At the recently held gathering of African Ministers on Communication and ICT, it came out that Africa has a broadband penetration rate of only 20% compared to the developed world which stands at 80%.
In a press statement, though she bemoaned the very low figure, the AU Commissioner for Infrastructure and Energy, Dr. Elham Mahmood Ibrahim attributed the slow pace to “lack of connectivity that encompasses internet access and connections to all kinds of gadgets and transformative applications and services”.
In essence, we have moved a lot in terms of telephony connectivity but without provisioning internet access on the same infrastructure. This new penetration rate is a rise from 7% in 2008. She added that through mobile telephony (GSM), most of Africa is now connected via voice but has lacked the development of non-voice applications.
At the same event the director of the ITU Telecommunication Development Burea, Mr. Brahima Sanou reported that 85% of Africa is now covered by mobile networks. This apparently has exceeded “all expectations” particularly in the development of mobile-cellular reach. This development he said was mainly driven by a “high degree of competition, falling prices and prepaid services”.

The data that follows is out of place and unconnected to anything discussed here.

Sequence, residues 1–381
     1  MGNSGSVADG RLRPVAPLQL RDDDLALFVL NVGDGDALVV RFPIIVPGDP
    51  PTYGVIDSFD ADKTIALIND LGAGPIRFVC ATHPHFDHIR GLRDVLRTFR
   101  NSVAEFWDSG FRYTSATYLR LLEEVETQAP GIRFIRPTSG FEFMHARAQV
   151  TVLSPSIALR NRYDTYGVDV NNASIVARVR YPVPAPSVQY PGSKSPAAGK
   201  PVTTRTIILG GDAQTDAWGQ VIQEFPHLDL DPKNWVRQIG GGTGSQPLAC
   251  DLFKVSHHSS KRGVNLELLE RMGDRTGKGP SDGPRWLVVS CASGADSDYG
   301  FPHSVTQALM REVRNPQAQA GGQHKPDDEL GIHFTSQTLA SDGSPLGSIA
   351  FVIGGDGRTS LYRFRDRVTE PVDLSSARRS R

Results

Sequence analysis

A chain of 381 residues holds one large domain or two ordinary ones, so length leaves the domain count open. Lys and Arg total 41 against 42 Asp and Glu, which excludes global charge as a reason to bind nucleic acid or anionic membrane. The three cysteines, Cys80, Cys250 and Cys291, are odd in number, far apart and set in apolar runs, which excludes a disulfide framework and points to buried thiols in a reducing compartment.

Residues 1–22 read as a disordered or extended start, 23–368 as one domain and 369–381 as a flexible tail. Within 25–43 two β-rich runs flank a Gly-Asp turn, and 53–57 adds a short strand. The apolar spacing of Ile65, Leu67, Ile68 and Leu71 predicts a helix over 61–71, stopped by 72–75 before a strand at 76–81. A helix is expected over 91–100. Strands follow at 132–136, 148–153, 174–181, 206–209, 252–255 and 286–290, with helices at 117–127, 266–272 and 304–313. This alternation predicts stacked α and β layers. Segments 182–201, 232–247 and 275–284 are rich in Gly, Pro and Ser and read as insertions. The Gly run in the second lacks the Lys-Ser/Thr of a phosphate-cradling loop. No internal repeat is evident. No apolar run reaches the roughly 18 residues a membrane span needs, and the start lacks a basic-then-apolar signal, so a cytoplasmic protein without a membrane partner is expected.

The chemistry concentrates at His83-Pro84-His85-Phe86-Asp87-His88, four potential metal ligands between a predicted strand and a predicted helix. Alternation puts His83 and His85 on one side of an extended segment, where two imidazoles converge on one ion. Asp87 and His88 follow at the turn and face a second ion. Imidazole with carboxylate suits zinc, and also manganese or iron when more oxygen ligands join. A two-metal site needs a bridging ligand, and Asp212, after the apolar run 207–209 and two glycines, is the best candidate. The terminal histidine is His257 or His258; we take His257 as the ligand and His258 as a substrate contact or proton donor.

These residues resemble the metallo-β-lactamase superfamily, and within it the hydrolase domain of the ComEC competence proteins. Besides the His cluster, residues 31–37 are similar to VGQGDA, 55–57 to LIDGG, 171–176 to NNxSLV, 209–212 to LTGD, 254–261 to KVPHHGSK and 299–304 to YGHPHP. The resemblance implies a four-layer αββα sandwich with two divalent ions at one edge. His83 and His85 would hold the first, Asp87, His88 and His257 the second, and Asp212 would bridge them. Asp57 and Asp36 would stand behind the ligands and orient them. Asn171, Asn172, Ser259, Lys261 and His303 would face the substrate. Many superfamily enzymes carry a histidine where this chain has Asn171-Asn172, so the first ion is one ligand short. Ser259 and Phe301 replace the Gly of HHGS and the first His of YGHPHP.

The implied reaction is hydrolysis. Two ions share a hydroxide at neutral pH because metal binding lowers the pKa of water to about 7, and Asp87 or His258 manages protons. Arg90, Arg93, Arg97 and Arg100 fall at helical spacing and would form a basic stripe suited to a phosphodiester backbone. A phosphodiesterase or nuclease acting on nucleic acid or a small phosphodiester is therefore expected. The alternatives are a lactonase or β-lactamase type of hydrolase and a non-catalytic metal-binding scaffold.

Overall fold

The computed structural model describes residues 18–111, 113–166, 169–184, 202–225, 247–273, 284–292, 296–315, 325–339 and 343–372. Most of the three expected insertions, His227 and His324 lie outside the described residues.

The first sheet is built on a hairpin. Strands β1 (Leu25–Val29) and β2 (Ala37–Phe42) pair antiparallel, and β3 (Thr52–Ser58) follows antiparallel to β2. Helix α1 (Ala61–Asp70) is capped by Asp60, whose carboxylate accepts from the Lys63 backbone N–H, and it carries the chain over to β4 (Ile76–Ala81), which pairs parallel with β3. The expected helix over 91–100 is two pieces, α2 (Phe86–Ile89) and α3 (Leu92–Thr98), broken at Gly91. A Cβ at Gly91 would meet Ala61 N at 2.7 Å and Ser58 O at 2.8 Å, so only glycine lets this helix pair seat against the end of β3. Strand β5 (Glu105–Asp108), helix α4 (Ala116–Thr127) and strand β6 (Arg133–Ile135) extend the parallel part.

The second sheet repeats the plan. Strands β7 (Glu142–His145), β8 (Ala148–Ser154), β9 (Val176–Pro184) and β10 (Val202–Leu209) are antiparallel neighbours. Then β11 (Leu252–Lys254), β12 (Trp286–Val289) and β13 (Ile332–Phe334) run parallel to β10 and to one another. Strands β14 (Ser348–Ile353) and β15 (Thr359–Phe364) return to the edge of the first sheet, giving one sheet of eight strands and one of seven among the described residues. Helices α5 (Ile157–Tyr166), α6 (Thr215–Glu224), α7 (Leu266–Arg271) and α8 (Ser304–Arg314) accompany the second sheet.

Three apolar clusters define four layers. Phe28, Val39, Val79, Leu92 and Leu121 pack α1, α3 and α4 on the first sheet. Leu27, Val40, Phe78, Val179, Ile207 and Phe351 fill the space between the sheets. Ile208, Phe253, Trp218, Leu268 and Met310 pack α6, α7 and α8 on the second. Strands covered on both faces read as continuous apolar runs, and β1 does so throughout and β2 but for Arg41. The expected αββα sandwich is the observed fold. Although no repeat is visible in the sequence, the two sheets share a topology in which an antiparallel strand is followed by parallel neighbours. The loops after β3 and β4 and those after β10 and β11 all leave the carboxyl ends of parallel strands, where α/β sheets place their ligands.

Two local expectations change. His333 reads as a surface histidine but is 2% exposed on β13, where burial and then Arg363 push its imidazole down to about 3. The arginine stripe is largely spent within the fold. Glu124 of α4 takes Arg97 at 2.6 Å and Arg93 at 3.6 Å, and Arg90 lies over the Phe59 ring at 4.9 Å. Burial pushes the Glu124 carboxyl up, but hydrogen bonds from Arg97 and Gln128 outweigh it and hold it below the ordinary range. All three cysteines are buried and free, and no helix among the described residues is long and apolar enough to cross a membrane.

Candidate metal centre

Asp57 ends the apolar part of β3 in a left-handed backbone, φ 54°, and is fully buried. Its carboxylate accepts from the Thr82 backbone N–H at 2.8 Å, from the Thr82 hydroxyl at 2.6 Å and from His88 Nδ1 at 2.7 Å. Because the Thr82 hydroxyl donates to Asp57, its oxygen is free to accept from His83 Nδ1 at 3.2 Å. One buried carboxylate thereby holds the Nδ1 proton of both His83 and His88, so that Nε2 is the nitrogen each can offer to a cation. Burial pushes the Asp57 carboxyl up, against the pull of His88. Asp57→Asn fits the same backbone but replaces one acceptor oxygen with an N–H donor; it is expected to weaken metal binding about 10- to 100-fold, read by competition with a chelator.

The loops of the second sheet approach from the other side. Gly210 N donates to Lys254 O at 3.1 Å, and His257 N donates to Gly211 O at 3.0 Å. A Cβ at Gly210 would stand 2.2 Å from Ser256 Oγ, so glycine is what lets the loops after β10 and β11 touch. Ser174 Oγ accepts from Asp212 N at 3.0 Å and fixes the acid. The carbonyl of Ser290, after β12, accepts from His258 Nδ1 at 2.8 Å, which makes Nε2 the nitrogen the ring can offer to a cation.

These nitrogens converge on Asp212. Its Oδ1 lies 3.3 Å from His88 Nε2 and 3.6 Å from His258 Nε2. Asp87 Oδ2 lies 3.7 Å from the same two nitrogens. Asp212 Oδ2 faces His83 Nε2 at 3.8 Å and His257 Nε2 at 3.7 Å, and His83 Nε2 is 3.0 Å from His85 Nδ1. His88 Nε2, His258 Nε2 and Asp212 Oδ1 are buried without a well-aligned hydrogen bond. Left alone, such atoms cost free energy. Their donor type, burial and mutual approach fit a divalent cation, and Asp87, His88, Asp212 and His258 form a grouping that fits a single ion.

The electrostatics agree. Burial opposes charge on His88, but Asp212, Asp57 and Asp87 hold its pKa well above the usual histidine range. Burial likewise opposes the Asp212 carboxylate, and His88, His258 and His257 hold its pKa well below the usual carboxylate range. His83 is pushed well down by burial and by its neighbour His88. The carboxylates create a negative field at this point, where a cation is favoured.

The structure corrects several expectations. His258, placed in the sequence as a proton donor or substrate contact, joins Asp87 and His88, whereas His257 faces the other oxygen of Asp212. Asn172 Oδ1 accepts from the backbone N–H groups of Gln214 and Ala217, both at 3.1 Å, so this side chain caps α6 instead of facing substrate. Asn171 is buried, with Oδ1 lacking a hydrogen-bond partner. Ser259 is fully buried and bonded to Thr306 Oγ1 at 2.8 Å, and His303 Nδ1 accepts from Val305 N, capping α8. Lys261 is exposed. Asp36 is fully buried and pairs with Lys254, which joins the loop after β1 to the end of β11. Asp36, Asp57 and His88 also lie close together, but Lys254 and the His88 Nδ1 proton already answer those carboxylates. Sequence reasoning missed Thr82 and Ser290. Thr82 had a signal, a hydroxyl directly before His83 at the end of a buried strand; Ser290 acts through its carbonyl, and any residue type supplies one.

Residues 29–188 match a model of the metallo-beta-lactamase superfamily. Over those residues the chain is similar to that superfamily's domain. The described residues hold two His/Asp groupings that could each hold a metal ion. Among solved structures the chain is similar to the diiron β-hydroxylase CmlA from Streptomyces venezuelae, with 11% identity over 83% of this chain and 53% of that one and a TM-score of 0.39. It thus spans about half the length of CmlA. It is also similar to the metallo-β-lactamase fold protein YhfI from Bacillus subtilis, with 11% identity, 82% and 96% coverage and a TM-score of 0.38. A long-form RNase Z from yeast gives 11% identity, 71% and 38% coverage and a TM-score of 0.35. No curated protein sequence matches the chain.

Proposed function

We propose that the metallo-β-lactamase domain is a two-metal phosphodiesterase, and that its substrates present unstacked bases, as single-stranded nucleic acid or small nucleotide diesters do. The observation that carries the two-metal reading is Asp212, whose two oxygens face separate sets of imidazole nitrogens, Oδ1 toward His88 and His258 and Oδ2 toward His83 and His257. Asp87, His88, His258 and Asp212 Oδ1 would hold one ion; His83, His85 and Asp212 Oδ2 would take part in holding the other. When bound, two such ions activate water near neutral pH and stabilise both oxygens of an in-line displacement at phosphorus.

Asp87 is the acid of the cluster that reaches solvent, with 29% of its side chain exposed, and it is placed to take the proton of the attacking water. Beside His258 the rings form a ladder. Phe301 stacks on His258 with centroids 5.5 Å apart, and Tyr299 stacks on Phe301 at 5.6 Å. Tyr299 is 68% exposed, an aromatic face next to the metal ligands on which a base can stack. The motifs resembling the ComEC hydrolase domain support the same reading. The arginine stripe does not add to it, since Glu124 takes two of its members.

Although low, the broadband metric does not reflect the individual country-by-country tally as out of the whole of the African states some countries like Madagascar sit at a healthy 75% (Internet World Stats 2014), while some are in the lower ratings, with the lowest being South Sudan and Somalia. From the POTRAZ report, Zimbabwe has an internet penetration rate of 44.3% which mostly measured from the individual devices accessing the internet.
From this percentage, the bulk of internet is accessed through mobile devices. However, this may not be a proper measure when you dissect the access points. Most of those who access the internet at work, who are really the employed and economically active members of the population, are the same people who then access the internet from different devices after work.
So in actual fact the penetration rate may really be lower, dampened also by an average 15% smartphone penetration rate and 20% mentioned by the RBZ at the 2015 Digital Payments Conference. Despite this discrepancy, Zimbabwe is in the top 20 highest internet penetration rates in Africa.
Image credit: au.int
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